It was quiet, almost gentle; it was guilty and petty and selfish, self-aware and ashamed, confused and full of clarity all at once: “I didn’t want your expectation.”
That’s why I cried. I cried for this relationship but also because it hit so hard for all my other relationships. Friends are my family because I don’t feel like I have a family, I told him, and in saying it I knew it was true. Of course there was no need for further articulation. Who did the severing? It had been my ultimatum, which he’d rejected so immediately, so hopefully. It had been my push, my confession, my unhappiness, my implicit blame that he accepted so readily, more readily than I had given it. Does that make it more surely true? I asked the questions, gently leading us to the place. But it had been those words that were the hands to gently brush closed the wide eyes of the dead, smooth the worry of the brow, push back the flyaways of the hairline.
We taught each other about ourselves to the very end: even in the very act of breaking we spoke truths that we didn’t know were there; secrets of ourselves and of each other that we didn’t tell ourselves, those that we thought were gone, those that we wanted to not believe, and those that we didn’t know ourselves until we stared into the concrete and wrenched from inside and coaxed it out with the bait of renewal and rebirth, only to stare once we spat it out onto the pavement to see something unexpected, and brown, something alive and unruly and untamable.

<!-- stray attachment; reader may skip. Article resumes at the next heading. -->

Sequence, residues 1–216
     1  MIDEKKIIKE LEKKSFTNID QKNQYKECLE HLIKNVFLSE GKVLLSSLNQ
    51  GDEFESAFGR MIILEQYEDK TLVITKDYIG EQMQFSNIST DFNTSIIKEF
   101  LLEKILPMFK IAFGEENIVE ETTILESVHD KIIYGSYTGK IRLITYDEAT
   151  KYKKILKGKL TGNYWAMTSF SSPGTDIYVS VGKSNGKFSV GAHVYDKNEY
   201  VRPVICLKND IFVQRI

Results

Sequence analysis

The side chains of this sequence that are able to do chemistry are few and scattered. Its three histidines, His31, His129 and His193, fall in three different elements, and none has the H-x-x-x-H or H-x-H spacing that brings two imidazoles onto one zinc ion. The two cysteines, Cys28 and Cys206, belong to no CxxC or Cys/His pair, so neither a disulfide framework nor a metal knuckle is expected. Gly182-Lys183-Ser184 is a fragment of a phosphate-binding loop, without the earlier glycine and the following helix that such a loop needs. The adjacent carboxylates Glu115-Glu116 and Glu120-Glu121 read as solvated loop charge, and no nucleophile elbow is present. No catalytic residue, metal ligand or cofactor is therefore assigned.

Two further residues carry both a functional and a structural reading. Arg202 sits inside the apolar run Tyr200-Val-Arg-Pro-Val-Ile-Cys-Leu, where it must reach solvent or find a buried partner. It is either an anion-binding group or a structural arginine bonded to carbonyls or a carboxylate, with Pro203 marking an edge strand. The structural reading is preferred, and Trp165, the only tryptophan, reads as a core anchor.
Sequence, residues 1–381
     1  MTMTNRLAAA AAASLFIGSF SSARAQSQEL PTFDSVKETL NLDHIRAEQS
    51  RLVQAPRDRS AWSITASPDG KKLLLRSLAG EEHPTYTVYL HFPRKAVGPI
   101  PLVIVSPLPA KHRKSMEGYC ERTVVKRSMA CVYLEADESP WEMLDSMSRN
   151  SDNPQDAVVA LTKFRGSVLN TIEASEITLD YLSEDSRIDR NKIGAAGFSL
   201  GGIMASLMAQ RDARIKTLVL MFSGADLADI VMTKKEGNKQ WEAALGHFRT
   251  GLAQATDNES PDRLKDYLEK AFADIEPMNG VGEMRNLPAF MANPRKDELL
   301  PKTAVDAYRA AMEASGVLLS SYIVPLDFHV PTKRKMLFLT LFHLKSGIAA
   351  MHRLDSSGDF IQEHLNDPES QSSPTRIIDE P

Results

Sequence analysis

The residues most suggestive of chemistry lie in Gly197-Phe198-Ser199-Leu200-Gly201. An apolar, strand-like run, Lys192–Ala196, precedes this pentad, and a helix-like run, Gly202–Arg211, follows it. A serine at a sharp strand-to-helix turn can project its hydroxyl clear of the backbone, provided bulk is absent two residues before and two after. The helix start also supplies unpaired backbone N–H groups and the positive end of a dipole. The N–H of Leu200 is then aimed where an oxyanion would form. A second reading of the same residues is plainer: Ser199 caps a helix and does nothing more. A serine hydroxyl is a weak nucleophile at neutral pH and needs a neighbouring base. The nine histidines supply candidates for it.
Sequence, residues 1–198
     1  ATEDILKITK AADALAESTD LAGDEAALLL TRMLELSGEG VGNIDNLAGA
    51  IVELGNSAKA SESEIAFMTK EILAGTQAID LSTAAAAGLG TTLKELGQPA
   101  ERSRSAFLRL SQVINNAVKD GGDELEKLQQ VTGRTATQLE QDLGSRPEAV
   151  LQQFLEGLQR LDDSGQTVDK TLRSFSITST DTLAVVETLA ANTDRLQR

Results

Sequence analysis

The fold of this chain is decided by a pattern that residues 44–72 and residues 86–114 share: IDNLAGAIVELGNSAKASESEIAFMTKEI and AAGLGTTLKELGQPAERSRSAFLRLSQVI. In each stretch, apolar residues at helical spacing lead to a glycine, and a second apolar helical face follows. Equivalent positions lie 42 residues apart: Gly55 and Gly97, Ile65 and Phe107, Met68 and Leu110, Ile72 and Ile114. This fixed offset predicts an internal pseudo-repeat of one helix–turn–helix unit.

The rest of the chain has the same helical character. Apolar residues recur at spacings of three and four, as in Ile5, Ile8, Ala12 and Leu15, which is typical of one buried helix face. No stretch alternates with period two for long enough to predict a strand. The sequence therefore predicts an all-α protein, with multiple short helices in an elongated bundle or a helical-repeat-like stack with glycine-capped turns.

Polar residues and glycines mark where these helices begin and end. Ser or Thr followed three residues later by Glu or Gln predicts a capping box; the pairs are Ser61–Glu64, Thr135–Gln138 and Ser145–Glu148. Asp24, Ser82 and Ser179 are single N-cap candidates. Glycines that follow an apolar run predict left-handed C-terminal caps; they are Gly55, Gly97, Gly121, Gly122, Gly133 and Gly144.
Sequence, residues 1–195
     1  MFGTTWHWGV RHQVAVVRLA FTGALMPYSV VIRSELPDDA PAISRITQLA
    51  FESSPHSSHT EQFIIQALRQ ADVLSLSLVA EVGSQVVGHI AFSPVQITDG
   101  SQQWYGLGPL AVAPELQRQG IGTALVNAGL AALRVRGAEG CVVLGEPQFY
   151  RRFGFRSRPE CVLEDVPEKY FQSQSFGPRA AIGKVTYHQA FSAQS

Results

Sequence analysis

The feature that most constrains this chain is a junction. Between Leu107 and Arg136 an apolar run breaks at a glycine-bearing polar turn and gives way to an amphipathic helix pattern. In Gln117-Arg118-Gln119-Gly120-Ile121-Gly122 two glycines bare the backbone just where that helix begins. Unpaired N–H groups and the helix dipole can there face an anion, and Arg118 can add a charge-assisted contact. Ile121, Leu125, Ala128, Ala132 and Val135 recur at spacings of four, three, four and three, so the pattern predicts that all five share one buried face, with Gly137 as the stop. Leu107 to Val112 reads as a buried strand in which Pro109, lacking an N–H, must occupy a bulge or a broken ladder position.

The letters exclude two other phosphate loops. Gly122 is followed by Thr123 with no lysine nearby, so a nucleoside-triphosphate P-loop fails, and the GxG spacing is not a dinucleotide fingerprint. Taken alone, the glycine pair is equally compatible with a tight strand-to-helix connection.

We cracked jokes on the way home, idiotic nothings in our trademark absurdist humor. Why did that hurt so much? It was too us, too alive and too well to possibly be dead. Still, we make each other laugh. Still, we trudge in familial comfort. It’s there and gone at the same time and perhaps that was the problem: that not much will change at all.